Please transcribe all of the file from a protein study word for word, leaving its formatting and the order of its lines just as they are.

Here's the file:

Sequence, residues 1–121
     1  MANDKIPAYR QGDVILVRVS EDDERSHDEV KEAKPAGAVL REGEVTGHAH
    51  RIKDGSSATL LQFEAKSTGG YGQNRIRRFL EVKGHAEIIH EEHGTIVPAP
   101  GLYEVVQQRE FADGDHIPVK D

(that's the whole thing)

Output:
Sequence, residues 1–121
     1  MANDKIPAYR QGDVILVRVS EDDERSHDEV KEAKPAGAVL REGEVTGHAH
    51  RIKDGSSATL LQFEAKSTGG YGQNRIRRFL EVKGHAEIIH EEHGTIVPAP
   101  GLYEVVQQRE FADGDHIPVK D